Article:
Working with non-profit organizations all around the world, we here at CGNET have a unique look at how cloud computing is changing the non-profit sectors all over the globe. Cloud computing, is changing communication, collaboration, productivity, and all areas of non-profits.
Will cloud computing save the non-profit sector?
Steve Shattuck thinks so and has a persuasive article on just this topic.
Photo credit: Sentechnologies.com
There’s a lot to be excited about in the nonprofit sector today. New technologies are allowing charities to reach current and potential donors at a rate and ease never seen before.
Software has always been a thorn in the side of charities. From basic office utilities to marketing automation to donor management software, costs and other technological barriers are keeping organizations that do social good years behind their corporate brethren.
Luckily, the age of cloud computing might also be a golden age for the third sector. Here’s why:
Higher Product Diversity
Cloud computing has enabled a new generation of startups to enter the marketplace, leading to a higher diversity of products with new and exciting features. Nonprofits can now choose lightweight, innovative software that fits their needs, rather than having to settle for the status quo.
Because most SaaS (software as a service) products operate on a pay-as-you-go model (usually a monthly or yearly fee), nonprofits don’t have to shell out a huge amount of cash to get the software they need. Because software providers don’t have to worry about packaging, shipping and merchant costs associated with a physical product, their costs overall are lower—and are able to pass that savings on to the customer and/or invest it in research and development.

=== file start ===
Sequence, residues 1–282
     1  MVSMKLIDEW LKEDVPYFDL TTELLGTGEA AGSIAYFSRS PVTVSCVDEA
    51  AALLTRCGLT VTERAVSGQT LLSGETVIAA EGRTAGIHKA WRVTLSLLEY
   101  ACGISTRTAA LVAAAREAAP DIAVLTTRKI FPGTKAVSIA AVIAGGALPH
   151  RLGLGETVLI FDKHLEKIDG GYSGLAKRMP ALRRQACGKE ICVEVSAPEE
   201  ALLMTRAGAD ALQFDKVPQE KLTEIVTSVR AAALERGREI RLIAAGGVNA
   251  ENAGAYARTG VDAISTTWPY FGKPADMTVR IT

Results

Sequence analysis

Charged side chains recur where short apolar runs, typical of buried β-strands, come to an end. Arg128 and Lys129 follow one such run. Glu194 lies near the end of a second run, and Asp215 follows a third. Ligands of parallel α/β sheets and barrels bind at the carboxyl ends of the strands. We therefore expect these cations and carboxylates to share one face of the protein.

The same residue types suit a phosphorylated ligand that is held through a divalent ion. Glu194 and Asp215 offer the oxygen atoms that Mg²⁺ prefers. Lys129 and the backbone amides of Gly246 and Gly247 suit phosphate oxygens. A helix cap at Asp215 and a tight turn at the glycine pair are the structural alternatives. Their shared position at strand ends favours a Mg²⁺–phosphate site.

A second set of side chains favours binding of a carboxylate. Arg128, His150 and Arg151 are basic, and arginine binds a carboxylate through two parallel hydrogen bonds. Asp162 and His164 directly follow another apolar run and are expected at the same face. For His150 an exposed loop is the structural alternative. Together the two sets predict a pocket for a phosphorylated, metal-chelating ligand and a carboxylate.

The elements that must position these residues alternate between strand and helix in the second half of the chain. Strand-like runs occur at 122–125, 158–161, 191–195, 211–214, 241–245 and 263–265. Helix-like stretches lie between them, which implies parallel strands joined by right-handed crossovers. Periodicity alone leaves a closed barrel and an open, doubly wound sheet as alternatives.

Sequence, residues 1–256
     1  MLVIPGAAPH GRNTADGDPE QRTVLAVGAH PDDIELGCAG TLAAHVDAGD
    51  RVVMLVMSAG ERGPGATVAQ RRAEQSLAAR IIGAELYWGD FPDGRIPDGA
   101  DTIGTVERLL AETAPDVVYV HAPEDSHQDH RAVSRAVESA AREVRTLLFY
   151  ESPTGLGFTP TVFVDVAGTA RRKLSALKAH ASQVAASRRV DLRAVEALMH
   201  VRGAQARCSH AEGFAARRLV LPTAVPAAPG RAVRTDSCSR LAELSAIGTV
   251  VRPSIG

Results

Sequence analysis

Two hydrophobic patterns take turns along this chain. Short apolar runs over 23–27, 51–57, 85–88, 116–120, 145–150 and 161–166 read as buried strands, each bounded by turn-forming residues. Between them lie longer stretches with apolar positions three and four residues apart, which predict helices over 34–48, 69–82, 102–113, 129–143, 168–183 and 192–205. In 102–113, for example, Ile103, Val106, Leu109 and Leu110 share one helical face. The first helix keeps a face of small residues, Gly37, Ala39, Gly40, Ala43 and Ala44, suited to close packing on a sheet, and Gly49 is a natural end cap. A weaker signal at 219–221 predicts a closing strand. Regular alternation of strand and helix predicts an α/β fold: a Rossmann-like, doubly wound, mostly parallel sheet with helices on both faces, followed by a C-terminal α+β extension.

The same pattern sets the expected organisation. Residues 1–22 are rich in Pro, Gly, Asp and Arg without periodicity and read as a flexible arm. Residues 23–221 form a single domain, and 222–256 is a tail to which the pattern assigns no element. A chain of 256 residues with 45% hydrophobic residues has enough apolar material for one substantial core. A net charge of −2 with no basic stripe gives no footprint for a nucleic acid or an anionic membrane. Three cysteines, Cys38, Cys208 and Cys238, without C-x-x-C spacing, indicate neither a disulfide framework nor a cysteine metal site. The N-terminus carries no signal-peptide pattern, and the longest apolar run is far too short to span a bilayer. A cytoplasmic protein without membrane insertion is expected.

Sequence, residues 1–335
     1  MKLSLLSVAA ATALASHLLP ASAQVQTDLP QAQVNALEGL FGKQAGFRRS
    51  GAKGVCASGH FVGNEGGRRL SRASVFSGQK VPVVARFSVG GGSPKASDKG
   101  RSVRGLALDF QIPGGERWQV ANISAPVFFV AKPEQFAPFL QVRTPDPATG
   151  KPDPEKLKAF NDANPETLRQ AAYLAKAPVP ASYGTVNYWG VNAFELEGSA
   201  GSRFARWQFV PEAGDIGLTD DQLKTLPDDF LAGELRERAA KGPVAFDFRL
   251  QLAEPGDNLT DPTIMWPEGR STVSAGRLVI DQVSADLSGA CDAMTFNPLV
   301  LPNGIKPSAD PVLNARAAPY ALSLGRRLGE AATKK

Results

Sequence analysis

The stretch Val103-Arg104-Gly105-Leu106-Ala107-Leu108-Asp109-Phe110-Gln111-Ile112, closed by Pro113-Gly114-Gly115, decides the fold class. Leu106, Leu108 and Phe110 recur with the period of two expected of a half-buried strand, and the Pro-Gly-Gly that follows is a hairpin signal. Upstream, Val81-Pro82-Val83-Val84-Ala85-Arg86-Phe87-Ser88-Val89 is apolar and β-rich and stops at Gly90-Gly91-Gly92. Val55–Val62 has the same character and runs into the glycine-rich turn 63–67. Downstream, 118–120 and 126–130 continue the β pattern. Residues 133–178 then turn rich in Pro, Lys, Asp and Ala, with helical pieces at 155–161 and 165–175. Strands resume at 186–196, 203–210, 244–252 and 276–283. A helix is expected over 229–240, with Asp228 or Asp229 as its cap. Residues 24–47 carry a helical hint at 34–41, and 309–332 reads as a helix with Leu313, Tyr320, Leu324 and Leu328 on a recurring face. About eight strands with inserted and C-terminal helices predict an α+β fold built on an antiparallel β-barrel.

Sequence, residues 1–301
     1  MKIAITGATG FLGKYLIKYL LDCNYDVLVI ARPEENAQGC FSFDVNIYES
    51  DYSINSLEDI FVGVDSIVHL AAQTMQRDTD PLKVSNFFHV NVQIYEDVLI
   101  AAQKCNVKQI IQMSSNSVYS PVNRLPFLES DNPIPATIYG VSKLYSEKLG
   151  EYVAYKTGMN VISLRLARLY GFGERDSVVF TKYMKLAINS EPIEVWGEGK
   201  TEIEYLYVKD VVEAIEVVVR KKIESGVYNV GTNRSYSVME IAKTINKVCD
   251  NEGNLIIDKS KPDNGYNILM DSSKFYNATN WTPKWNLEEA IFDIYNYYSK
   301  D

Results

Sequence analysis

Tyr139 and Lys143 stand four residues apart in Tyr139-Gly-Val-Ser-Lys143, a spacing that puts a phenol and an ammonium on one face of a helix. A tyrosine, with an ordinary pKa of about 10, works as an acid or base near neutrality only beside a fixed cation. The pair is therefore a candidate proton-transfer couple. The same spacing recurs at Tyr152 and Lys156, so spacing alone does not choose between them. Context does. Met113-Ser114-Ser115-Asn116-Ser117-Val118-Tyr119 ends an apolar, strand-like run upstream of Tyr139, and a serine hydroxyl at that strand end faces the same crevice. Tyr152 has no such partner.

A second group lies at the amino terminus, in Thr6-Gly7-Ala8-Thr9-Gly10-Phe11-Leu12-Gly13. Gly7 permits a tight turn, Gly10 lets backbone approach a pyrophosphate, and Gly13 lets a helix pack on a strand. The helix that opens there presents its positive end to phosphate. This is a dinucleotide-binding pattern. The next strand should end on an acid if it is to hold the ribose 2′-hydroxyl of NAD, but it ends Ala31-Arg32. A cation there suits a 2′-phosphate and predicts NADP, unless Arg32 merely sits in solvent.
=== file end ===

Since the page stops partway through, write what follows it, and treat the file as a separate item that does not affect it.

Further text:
With software hosted on the cloud, any employee at the organization can access it, as opposed to installed software that only resides on one machine. This level of accessibility is particularly key for nonprofits, especially in the case of donor management software. Ideally, all fundraisers
within the organization should be using the CRM regularly, if not daily. Cloud-based software facilitates this.
With locally installed software, versioning is a big issue. When all users and customers are using one version of the product, all users have access to the same (basic) features, allowing for more feedback and bug reporting. Furthermore, support teams no longer have to decipher which version is being used and tailor their instructions to it. Updates happen in the background and are the responsibility of the provider, not the user.
While it’s true that, by using a cloud-based SaaS, you are putting your data into the hands of a third party, that data is more secure than it would be if it were living on one physical machine in the nonprofit’s office—or worse—still being held on paper documents or note cards. While the possibilities of hacking or other security breaches do exist, they pale in comparison to the dangers of an office fire, flooding, theft or accidental misplacement.
Insights and Analytics Through Integrations
Through APIs (application programming interfaces), cloud-based software programs can easily integrate, allowing for enhanced functionality and additional insights. For example, a social media monitoring program could interface directly with a nonprofit’s donor database, allowing for additional donor interactions to be logged and stored.
Cloud computing has revolutionized many industries, but its greatest impact may be on the nonprofit sector in the form of reduced overhead and increased productivity. Do you work at a nonprofit? What cloud-based software have you implemented in the last few years?